# (Roughly) Daily

## “Mathematics, rightly viewed, possesses not only truth, but supreme beauty”*…

Maryam Mirzakhani did not enjoy mathematics to begin with. She dreamed of being an author or politician, but as a top student at her all-girls school in Tehran she was still disappointed when her first-year maths exam went poorly. Her teacher believed her – wrongly – to have no particular affinity with the subject.

Soon that would all change. “My first memory of mathematics is probably the time [my brother] told me about the problem of adding numbers from 1 to 100,” she recalled later. This was the story of Carl Gauss, the 18th-century genius whose schoolteacher set him this problem as a timewasting exercise – only for his precocious pupil to calculate the answer in a matter of seconds.

The obvious solution is simple but slow: 1+2+3+4. Gauss’s solution is quicker to execute, and far more cunning. It goes like this: divide the numbers into two groups: from 1 to 50, and from 51 to 100. Then, add them together in pairs, starting with the lowest (1) and the highest (100), and working inwards (2+99, 3+98, and so on). There are 50 pairs; the sum of each pair is 101; the answer is 5050. “That was the first time I enjoyed a beautiful solution,” Mirzakhani told the Clay Mathematics Institute in 2008.

Since then, her appreciation for beautiful solutions has taken her a long way from Farzanegan middle school. At 17 she won her first gold medal at the International Mathematics Olympiad. At 27 she earned a doctorate from Harvard University. The Blumenthal Award and Satter Prize followed, and in 2014 she became the first woman to be awarded the Fields Medal, the highest honour a mathematician can obtain.

Before this particular brand of wonder became perceptible to Mirzakhani, she experienced feelings many of us can relate to: to the indifferent, her subject can seem “cold”, even “pointless”. Yet those who persist will be rewarded with glimpses of conceptual glory, as if gifted upon them by a capricious god: “The beauty of mathematics,” she warned, “only shows itself to more patient followers.”

This concept of “beauty” found in maths has been referred to over centuries by many others; though, like beauty itself, it is notoriously difficult to define…

For an experienced mathematician, the greatest equations are beautiful as well as useful. Can the rest of us see what they see?  “What makes maths beautiful?

[From The New Humanist, via the ever-illuminating 3 Quarks Daily]

Maryam Mirzakhani died last Friday, a victim of breast cancer; she was 40.  As Peter Sarnak (a mathematician at Princeton University and the Institute for Advanced Study) said, her passing is “a big loss and shock to the mathematical community worldwide.”  See also here.

* Bertrand Russell, A History of Western Philosophy

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As we accede to awe, we might spare a thought for Andrey (Andrei) Andreyevich Markov; he died on this date in 1922.  A Russian mathematician, he helped to develop the theory of stochastic processes, especially those now called Markov chains: sequences of random variables in which the future variable is determined by the present variable but is independent of the way in which the present state arose from its predecessors.  (For example, the probability of winning at the game of Monopoly can be determined using Markov chains.)  His work on the study of the probability of mutually-dependent events has been developed and widely applied to the biological and social sciences.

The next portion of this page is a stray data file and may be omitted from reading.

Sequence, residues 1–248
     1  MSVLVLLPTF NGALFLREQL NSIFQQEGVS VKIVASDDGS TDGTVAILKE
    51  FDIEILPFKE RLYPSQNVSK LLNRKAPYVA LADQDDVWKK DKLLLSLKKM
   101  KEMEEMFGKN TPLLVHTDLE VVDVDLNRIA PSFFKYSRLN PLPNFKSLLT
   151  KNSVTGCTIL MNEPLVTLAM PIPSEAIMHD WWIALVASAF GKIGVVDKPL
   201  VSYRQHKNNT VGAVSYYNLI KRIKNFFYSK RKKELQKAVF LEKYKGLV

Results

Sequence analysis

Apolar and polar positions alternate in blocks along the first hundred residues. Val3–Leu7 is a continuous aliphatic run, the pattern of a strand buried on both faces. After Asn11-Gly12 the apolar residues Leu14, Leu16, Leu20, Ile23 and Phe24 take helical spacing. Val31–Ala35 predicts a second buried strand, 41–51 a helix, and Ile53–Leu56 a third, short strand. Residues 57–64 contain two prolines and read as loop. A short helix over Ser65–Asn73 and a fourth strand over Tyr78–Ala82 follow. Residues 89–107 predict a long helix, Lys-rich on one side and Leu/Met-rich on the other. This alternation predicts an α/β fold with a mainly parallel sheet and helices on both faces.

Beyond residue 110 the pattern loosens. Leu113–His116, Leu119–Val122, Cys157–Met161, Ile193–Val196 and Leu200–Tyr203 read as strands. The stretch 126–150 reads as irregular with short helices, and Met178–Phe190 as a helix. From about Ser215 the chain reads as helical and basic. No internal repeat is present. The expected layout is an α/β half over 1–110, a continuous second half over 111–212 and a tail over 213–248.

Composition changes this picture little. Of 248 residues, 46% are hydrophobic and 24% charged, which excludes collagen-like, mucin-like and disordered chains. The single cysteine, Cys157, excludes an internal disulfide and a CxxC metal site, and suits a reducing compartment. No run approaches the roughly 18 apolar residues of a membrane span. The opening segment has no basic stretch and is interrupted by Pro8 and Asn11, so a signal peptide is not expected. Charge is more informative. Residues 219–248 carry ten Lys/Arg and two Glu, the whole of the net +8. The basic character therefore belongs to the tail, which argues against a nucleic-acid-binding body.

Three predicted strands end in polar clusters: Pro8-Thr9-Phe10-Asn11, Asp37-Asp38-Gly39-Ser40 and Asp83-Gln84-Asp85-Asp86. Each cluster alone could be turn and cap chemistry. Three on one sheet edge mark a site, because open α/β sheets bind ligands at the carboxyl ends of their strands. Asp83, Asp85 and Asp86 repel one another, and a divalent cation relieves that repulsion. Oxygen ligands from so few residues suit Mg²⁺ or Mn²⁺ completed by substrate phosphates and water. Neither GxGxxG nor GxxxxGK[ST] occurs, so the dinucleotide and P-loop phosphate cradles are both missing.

Written by LW

July 20, 2017 at 1:01 am

Posted in Uncategorized

## “Beauty is the first test: there is no permanent place in the world for ugly mathematics”*…

Long-time readers will know of your correspondent’s admiration and affection for Martin Gardner (c.f., e.g., here and here).  So imagine his delight to learn from @MartyKrasney of this…

Martin wrote about 300 articles for Scientific American between 1952 and 1998, most famously in his legendary “Mathematical Games” column starting in Jan 1957. Many of those articles are now viewed as classics, from his seminal piece on hexaflexagons in Dec 1956—which led to the offer to write a regular column for the magazine—to his breakthrough essays on pentomnoes, rep-tiles, the Soma cube, the art of Escher, the fourth dimension, sphere packing, Conway’s game of Life, Newcomb’s paradox, Mandelbrot’s fractals, Penrose tiles, and RSA cryptography, not forgetting the recurring numerological exploits of his alter ego Dr. Matrix, and the tongue-in-cheek April Fool column from 1975.

Many of those gems just listed were associated with beautiful graphics and artwork, so it’s no surprise that Martin scored some Scientific American covers over the years, though as we’ll see below, there’s surprisingly little overlap between his “greatest hits” and his “cover stories.”

It’s worth noting that, just as the magazine editors selected the titles under which his original articles appeared—he generally ditched those in favor of his own when he republished them in the spin-off books—artwork submitted was often altered by Scientific American staff artists…

The full dozen, replete with the cover art, at “A Gardner’s Dozen—Martin’s Scientific American Cover Stories.”

* G.H. Hardy

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As we agree with G.K Chesterton that “the difference between the poet and the mathematician is that the poet tries to get his head into the heavens while the mathematician tries to get the heavens into his head,” we might send carefully calculated birthday greetings to John Charles Fields, he was born on this date in 1863.  A mathematician of accomplishment, he is better remembered as a tireless advocate of the field and its importance– and best remembered as the founder of the award posthumously named for him:  The Fields Medal, familiarly known as “the Nobel of mathematics.”

Written by LW

May 14, 2017 at 1:01 am

Posted in Uncategorized

## “It is amazing how complete is the delusion that beauty is goodness”*…

Conversely, it’s amazing how how complete the delusion that all mistakes are ugly…

Corey Johnson runs a Tumblr called “Art of the Glitch,” where he posts images that he’s captured of erratic irregularities in analog technology, but only those that meet the requirements of his personal interest in glitch art…

“There was a precision and a refinement to that particular glitch style that I’ve been chasing after in my own work,” Johnson says. He’s not interested in the total destruction that some glitch artists practice; he sees the glitch as “more a storytelling tool than an aesthetic unto itself.” More resolutely, he says he’s looking for that “weird balance of destruction and tangibility.”